After defeating Takakuni, Yukinaga did not immediately enter Kyōto, but instead set-up an encampment on 2/20 at Ōyamazaki to wait. On 3/18, he issued a debt cancellation order and took steps to protect the residents, but the Miyoshi army laid waste to certain areas including Fushimi-no-shō and Misu-no-shō. On 3/27, he entered Kyōto for the first time in nine years, and, on behalf of Sumimoto who was taking refuge in Itami Castle in Settsu, managed political affairs and the prosecution of supporters of Takakuni. On 5/1 of 1520, he gave thanks as the representative of Sumimoto to Ashikaga Yoshitane, the shōgun, for recognizing Sumimoto as the successor to the Hososkawa-Keichō family – the main branch of the Hosokawa clan. These events represented the height of Yukinaga’s achievements.
After fleeing to Ōmi, Takakuni coordinated with Rokkaku Sadayori and Gamō Sadahide to assemble 20,000 soldiers from assorted clans including the Asakura and Toki and led the huge army on a march toward Kyōto. Yukinaga commanded only 4,000 to 5,000 forces from Shikoku. At the Battle of Tōji Monastery, Yukinaga had some initial success, but soldiers from Shikoku including from the Kaifu, Kume, Kawamura, and Tōjō families soon surrendered to Takakuni’s forces, resulting in a major defeat for the Miyoshi army. Yukinaga, along with Akutagawa Nagamitsu (his son), Miyoshi Naganori, and Shingorō (his nephew), then hid in the Donge Temple in Kyōto.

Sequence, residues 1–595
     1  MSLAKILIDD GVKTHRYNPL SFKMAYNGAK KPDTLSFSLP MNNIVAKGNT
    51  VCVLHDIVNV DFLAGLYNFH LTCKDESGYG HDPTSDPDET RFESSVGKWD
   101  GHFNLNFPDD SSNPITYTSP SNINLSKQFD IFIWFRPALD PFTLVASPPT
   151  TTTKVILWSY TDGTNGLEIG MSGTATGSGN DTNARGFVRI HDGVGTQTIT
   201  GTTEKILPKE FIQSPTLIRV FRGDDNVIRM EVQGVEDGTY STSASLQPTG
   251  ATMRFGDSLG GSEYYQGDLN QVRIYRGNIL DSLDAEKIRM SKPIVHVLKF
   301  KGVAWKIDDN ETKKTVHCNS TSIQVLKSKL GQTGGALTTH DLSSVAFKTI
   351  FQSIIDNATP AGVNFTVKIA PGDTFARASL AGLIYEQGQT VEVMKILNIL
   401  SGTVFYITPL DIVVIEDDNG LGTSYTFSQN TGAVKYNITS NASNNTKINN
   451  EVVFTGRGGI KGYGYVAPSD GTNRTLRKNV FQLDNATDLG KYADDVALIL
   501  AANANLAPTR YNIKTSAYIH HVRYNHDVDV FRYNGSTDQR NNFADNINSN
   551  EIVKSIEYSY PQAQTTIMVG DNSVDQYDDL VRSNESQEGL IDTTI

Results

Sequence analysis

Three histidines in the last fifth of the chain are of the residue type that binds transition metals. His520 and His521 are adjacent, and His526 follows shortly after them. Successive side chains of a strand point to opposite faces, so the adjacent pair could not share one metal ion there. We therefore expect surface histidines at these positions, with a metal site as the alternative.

Takakuni learned of Yukinaga’s hiding place, but the temple refused his demand to turn-over Yukinaga, so he promised to spare the lives of Yukinaga and his associates. Over the next few days, first Nagamitsu and Naganori, then Yukinaga and Shingorō, surrendered. At this time, Yukinaga had the appearance of a priest. This, however, was a tactic of Takakuni to lure the men out of the temple. On the same day as their surrender, Yukinaga and Shingorō were slayed at the Hyakumanben-Chion Temple. Meanwhile, Yukinaga’s sons, Nagamitsu and Naganori, were executed the day after.
Having followed these events from Itami Castle, Sumimoto then returned to Awa Province, but was ill of health and soon died. He was succeeded by his son, Hosokawa Harumoto. Yukinaga was succeeded by his grandson, Miyoshi Motonaga (the eldest son of Nagahide) as head of the Miyoshi clan. Motonaga offered support to Harumoto and built his forces in Awa with the aim of toppling Takakuni.
According to the diary of a physician in Kyōto, after the major defeat at the Battle of Tōji Monastery, Yukinaga did not flee and was captured because he could not walk even ten steps on account of being overweight.
One view is that Takakuni suddenly changed his mind and slayed Yukinaga upon the strong request of Sanshirō, the orphan of Hisaharu. Yukinaga was killed one year after the killing of Hisaharu.
Yukinaga was detested by citizens of Kyōto as an upstart powerbroker from another province. One record depicts unhappy laborers working on a construction site, while others show satirical depictions of Yukinaga as viewed in that period.